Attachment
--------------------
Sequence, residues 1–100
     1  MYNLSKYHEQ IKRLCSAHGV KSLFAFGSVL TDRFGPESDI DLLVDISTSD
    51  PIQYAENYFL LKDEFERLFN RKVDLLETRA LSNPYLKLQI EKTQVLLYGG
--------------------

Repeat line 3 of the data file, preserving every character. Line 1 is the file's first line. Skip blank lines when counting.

    51  PIQYAENYFL LKDEFERLFN RKVDLLETRA LSNPYLKLQI EKTQVLLYGG